News Column

Tech Q&A: Is There Info You Want Removed From Google?

May 29, 2013
Google searches

QUESTION: How do I get Google to change my profile information? It is way out of date, and I am starting to believe it is turning off new people I meet who want to check me out on Google before even meeting for coffee. I never asked to be on Google. What can I do?

_Will Shapira, St. Paul, Minn.

ANSWER: Removing your information from the Google search engine isn't easy.

Google, as a rule, doesn't let people delete information about themselves from its Web searches just because they want to.

"There is very little that we remove from search results on a discretionary basis," Google says.

In order for Google to delete information from searches, the data must pose a legal problem or be likely to cause a person specific types of harm, such as fraud or identity theft. If requested, Google will delete Social Security numbers and bank account or credit card numbers. It also will delete child pornography and trademark or copyright violations.

Alternatively, you can identify the individual websites that contain information about you and ask the webmaster of each of those sites to remove it. There is no guarantee that the webmasters will comply with your requests.

If a website does agree to remove your personal information, you can then ask Google to delete any old copies it has of that particular website (Google doesn't scan the Web for each search; it scans recently made copies of websites. So eliminating old Web page copies is important.)

For details on how to ask Google to remove personal information, see these entries on Google's support website at http://tinyurl.com/qctoxw5 and http://tinyurl.com/6vl5skp. Google offers details about requesting a website to remove information at http://tinyurl.com/onydrgo.

Q: I've been having trouble loading websites on my computer at night. My cable company, Charter Communications, believes I am getting some kind of signal interference, but so far has been unable to locate the problem. Any suggestions?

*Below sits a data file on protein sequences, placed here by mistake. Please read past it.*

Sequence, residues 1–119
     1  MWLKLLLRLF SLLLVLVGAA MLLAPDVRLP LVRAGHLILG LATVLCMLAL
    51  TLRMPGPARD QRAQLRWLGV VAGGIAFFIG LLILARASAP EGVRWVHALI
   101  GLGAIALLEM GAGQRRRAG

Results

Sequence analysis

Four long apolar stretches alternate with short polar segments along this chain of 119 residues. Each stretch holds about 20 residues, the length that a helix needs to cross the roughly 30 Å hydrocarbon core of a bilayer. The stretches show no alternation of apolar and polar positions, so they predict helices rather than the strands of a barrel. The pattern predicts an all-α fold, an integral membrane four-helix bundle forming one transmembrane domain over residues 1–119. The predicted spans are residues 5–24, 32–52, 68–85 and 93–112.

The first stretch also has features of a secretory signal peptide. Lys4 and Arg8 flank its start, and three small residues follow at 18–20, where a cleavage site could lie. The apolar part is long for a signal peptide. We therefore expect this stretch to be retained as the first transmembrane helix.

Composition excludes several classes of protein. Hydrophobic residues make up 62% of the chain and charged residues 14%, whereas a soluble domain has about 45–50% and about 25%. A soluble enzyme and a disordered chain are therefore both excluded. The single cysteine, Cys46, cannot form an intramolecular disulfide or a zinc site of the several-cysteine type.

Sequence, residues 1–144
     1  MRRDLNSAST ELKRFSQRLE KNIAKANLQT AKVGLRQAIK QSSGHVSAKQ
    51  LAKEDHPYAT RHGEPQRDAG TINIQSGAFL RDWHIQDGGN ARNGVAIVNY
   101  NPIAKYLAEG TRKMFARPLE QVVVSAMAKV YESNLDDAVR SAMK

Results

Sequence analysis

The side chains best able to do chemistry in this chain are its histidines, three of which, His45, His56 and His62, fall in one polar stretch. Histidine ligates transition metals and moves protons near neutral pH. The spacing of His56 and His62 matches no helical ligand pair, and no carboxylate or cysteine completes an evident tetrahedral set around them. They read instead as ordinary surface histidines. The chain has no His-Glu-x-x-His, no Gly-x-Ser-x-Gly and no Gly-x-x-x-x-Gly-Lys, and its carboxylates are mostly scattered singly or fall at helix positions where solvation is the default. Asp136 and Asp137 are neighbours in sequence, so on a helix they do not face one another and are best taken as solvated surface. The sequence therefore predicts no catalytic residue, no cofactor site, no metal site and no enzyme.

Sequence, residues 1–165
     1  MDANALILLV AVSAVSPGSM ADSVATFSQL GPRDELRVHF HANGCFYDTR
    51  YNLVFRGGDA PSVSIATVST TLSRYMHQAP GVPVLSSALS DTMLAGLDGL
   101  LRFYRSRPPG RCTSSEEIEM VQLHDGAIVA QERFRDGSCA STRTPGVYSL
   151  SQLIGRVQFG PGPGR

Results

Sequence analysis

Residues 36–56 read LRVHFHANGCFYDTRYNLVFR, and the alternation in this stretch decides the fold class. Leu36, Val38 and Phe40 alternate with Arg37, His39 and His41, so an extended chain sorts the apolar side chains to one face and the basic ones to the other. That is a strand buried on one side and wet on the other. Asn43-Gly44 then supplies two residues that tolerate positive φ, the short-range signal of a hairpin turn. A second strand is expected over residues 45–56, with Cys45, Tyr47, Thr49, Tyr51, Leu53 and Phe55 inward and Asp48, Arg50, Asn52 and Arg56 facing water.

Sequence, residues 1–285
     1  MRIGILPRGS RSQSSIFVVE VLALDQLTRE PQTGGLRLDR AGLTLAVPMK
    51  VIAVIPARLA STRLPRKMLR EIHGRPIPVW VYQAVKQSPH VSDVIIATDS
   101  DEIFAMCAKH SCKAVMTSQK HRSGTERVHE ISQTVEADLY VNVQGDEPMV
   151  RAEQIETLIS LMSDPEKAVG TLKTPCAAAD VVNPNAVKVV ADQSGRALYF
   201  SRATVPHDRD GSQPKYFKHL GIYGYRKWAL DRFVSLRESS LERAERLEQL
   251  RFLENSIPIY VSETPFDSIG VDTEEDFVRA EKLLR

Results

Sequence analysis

_Harley Gellatly, Duluth, Minn.

A: Check on where the incoming cable line splits into two cables, one for the TV and the other for the Internet. If the split is close to the TV, your computer signals may be picking up interference from the TV signals.

NOTE: In last week's column, I incorrectly described the terms of service for Aereo, a company that uses a bank of antennas to receive local broadcast TV signals and stream them over the Internet to subscribers. The company does not charge subscribers based on how many hours of TV they watch; viewing is unlimited. Aereo does charge subscribers based on how many hours of programs they record for later viewing, using controls on Aereo's website. The company charges $8 a month for 20 hours of TV program storage, or $12 a month for 60 hours of storage.

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ABOUT THE WRITER

Steve Alexander covers technology for the Minneapolis Star Tribune.



Source: (c)2013 Star Tribune (Minneapolis). Distributed by MCT Information Services.


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